AN: Another kinkmeme fill, re-posted here.

Malina knew it was unfair to drag Fenris down to the Black Emporium; he had better things to do than accompany her on simple errands, and he'd always made it very clear that he despised the sinister shop. It was unfair of her, and selfish, but he'd still agreed to come when she'd asked… that had to count for something.

It had been a difficult few months since that night— since he'd walked out with those bleak apologies and that hitch in his voice that broke her heart— and she still felt like a tattered flag caught out in a gale. She'd been confused, furiously angry with him, with herself, and painfully, achingly sad, and then… she didn't even know anymore. Those emotions still simmered under the surface every time she caught him looking at her through the fringe of his hair, or noticed the soft red scarf tied around his wrist. It was a stupid little token, and he wore it constantly, even when the smallest hint that she might dare to touch him made him recoil.

More than five months had passed since he'd allowed her to map every inch of him, from the tips of his delicate ears to the callused soles of his feet. Five months, and she'd not felt even the slightest brush of his skin since. The aversion to her touch he'd slowly overcome in the first three years of their acquaintance had returned, a hundred times worse than before, and every flinch was like a punch to her gut. The fact that he looked guilty about it made her want to scream.

There was something worryingly self-destructive about keeping him close in such circumstances, but Fenris could have retreated just as easily. He had no real obligation to follow her around, and he was the one who'd left in the first place— if keeping distanced was the healthy course, then hecould be the one to finish what he'd started. The day he refused to come along would be the day she stopped asking.

Perhaps on this day, however, they'd both taken their respective mulishness a little too far.

The floorboards creaked under her feet, dangerously spongy in places, and the air was stale and unpleasantly thick with the smell of rot and lyrium. Malina had no intention of dawdling, but she was distracted by the new staves Xenon had acquired—

There was a flash of purple light, so intense it made her eyes burn, a burst of force that nearly made her stagger, and she thought she heard a voice shout, though it was hard to be sure over the sudden ringing in her ears. Blinking back tears, Malina whirled around to face whatever had just happened, crouching defensively with borrowed staff still in hand. Varric and Merrill were both clamouring to their feet, having been thrown back by the energy that accompanied the light, but she didn't see Fenris anywhere, and that was enough to turn her blood instantly to ice.

Xenon, the crazy old bastard, was laughing uproariously; it was not a reassuring sound.

"Fenris?" There were huge black spots still dancing in her vision and her head was throbbing like she'd just taken a maul to the skull, but Malina ignored all of that. The Emporium wasn't a huge shop, and a cautious step around Xenon's perch revealed a pile of familiar armour, crumpled and abandoned. There was no blood, no trace of a body, but there hardly needed to be in this blighted place. Maker have mercy, she should never have brought him—

There was movement nearby, quick and low to the ground, and Malina swung her staff towards it. Sparks crackled along the polished length of wood, and she heard the clinking of Bianca being drawn as well. Whatever it was, partially hidden between some dusty chests and an unmarked barrel, it instantly stopped its skittering.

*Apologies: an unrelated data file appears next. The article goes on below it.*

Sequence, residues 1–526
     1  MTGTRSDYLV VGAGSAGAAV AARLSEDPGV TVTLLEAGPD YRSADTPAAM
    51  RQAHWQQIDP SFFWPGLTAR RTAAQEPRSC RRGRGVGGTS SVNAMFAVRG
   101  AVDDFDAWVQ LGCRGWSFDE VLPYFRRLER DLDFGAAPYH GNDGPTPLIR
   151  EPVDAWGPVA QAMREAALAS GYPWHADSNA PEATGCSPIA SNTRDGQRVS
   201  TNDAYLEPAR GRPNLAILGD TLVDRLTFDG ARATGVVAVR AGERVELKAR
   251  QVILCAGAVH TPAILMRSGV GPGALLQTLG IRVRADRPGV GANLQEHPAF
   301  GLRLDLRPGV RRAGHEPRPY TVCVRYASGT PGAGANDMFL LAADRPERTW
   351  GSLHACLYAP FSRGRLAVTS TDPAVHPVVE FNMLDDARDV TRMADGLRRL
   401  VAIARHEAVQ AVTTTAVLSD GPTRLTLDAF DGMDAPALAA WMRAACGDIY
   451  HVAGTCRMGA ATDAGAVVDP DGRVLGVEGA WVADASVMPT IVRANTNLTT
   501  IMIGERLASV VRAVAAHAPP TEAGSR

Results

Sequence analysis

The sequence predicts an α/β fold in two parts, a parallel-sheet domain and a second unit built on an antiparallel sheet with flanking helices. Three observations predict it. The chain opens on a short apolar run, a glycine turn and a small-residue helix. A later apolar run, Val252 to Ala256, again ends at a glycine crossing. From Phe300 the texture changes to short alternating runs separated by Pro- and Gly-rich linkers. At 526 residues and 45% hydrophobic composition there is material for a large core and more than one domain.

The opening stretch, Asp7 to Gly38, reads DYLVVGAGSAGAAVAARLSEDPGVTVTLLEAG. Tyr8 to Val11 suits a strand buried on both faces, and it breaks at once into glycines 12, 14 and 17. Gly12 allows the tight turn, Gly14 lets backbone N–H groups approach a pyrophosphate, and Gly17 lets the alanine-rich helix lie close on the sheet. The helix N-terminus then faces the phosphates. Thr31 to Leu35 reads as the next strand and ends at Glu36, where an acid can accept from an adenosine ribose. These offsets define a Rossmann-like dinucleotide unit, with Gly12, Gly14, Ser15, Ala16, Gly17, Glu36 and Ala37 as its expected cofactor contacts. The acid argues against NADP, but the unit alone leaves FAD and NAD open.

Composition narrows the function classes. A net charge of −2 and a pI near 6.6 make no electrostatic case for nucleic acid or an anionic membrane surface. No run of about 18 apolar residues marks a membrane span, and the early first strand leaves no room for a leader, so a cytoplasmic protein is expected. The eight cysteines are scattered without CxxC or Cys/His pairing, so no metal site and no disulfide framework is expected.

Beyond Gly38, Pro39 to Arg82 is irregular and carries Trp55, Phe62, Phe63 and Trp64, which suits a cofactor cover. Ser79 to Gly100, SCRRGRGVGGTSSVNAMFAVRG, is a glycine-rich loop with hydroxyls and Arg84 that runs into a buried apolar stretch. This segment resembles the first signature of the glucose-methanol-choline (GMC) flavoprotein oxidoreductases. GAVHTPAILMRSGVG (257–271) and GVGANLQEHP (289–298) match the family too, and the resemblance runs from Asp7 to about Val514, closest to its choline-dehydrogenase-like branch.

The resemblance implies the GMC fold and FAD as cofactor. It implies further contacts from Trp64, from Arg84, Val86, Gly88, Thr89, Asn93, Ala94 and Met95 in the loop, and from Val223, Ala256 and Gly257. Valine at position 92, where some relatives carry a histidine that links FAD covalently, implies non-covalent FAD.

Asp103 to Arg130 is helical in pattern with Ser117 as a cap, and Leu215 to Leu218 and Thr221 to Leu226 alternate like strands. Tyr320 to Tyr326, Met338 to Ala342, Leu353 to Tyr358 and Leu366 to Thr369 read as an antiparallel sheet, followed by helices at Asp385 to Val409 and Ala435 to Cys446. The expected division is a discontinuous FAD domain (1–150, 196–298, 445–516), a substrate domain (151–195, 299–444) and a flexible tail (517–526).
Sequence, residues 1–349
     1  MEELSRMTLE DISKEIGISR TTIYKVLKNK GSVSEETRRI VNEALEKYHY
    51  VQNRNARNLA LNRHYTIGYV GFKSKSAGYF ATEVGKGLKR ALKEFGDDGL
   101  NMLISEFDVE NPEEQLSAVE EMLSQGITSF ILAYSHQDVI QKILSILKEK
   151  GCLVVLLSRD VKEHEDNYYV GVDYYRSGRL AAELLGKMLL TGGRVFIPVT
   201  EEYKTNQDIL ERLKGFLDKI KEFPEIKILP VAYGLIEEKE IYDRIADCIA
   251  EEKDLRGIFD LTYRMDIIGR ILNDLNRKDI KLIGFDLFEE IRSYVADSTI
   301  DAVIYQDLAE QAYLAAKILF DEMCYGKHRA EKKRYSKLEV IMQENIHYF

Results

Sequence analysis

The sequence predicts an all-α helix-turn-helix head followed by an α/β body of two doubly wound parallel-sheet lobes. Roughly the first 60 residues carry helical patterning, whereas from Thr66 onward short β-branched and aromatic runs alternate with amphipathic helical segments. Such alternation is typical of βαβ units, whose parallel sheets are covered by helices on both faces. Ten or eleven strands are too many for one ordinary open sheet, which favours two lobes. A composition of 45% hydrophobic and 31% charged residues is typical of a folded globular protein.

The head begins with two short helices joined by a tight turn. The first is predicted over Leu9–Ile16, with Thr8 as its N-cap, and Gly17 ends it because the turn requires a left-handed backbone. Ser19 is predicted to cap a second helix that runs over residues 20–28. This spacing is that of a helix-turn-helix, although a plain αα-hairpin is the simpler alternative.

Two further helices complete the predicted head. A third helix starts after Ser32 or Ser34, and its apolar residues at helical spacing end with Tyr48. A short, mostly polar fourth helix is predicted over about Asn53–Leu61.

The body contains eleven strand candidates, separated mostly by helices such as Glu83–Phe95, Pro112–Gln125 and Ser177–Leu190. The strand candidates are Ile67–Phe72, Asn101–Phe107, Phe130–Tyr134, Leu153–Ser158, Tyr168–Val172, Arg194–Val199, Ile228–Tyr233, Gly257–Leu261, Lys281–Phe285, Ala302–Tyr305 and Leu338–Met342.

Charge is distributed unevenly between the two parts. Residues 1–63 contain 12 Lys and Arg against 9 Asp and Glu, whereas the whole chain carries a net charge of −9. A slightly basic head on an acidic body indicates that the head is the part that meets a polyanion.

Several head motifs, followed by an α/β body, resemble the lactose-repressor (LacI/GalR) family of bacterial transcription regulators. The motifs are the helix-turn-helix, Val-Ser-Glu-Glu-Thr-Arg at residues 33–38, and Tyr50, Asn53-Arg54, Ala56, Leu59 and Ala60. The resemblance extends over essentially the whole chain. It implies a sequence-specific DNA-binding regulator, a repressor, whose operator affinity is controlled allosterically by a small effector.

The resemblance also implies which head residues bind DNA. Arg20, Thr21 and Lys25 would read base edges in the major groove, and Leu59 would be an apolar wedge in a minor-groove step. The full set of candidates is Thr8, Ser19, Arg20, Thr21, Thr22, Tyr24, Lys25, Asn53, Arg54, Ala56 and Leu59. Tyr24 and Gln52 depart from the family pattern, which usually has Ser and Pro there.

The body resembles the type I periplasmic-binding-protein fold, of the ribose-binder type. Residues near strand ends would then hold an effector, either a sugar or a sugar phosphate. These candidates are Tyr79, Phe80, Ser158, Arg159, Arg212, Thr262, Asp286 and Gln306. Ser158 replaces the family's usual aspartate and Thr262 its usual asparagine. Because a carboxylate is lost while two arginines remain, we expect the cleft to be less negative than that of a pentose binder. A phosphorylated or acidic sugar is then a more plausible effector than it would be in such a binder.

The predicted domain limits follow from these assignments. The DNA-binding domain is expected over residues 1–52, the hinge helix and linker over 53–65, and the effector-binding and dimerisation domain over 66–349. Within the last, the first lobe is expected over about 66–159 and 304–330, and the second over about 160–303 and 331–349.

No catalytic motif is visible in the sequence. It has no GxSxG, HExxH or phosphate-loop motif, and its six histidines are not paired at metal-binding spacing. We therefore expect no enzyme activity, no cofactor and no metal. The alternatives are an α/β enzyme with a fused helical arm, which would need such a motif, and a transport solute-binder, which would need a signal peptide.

"Show yourself!" Fury and fear turned her voice into a snarl, and the air around her sizzled. There was absolutely no movement from the small, shadowy figure, and lightning flared, licking over her skin. "Now!"

It could have been anything— probably some kind of hideous demon, if her usual luck held up— but she certainly didn't expect a tiny elven child to scramble out and prostrate at her feet, trembling in unconcealed terror. Long, tapered ears peeked out from a mop of inky hair, but with the child's face pressed against the floor and body hidden under a baggy sack of cloth, Malina couldn't even be sure if it was a boy or a girl.

The child was petrified, that was clear enough, and with a quick glance at Merrill and Varric to make sure their guard stayed up, Malina drew her magic back and slowly lowered the staff. It could be a child, or it could be a trick, but every option would be explored until she knew exactly what had happened and how to fix it.

She would raze this bloody shop to a smoking crater and rend the Veil itself to keep Fenris safe.

Taking a deep breath, Malina dropped into a squat and found her calmest voice. "Shh, it's all right, little one. I'm sorry I scared you." The child cringed, bony fingers digging into the floorboards, but didn't move an inch otherwise. Very cautiously, keeping her senses as finely tuned as possible for the oily shimmer of demonic magic, Malina reached out and touched the child's shoulder.

The most pathetic sob imaginable hiccupped out of the child, followed by a string of frantic gibberish. Shushing the little elf as soothingly as she could, Malina was surprised enough to gasp when the slightest pull had the child sitting up in an instant, as though yanked up by invisible strings.

He was a boy, she noticed, though it was sometimes hard to tell with the delicately boned features of very young elves, and was probably four or five years old. His face was scrunched, his eyes squeezed shut as if prepared to be struck, and he whimpered like a beaten dog when she laid one hand against his cheek.